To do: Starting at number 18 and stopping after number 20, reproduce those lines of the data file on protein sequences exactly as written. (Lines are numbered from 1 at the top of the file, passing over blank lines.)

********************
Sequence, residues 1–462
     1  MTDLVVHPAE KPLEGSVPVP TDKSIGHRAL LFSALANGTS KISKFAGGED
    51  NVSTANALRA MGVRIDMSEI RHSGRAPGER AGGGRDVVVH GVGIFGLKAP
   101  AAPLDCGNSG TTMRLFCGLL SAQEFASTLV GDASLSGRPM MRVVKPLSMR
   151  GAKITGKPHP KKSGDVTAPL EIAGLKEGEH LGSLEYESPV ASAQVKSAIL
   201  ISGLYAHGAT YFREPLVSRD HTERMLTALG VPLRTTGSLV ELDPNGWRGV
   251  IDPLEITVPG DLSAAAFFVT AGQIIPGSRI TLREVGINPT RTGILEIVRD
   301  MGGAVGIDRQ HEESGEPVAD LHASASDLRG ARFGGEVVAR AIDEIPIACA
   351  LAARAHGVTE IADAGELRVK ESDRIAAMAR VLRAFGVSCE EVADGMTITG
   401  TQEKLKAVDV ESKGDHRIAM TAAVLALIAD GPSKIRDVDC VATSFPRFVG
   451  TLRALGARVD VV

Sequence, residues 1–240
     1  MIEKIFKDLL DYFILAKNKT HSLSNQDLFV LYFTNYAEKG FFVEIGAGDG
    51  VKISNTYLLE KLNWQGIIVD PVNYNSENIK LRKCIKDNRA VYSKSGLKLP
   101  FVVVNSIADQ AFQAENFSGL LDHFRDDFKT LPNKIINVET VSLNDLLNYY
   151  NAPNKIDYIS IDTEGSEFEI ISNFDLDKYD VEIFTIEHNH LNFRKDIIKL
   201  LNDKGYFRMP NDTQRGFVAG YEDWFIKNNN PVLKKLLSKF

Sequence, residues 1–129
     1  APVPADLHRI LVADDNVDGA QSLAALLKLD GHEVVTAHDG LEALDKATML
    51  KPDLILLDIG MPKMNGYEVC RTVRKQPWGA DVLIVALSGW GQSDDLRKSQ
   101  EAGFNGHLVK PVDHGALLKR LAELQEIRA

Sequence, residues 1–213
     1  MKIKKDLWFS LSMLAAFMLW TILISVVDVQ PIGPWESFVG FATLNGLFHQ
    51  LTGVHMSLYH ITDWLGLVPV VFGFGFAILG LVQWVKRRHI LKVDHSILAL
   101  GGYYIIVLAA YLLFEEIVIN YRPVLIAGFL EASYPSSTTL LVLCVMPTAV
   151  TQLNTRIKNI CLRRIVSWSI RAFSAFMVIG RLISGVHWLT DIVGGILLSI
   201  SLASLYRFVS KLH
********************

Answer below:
Sequence, residues 1–129
     1  APVPADLHRI LVADDNVDGA QSLAALLKLD GHEVVTAHDG LEALDKATML
    51  KPDLILLDIG MPKMNGYEVC RTVRKQPWGA DVLIVALSGW GQSDDLRKSQ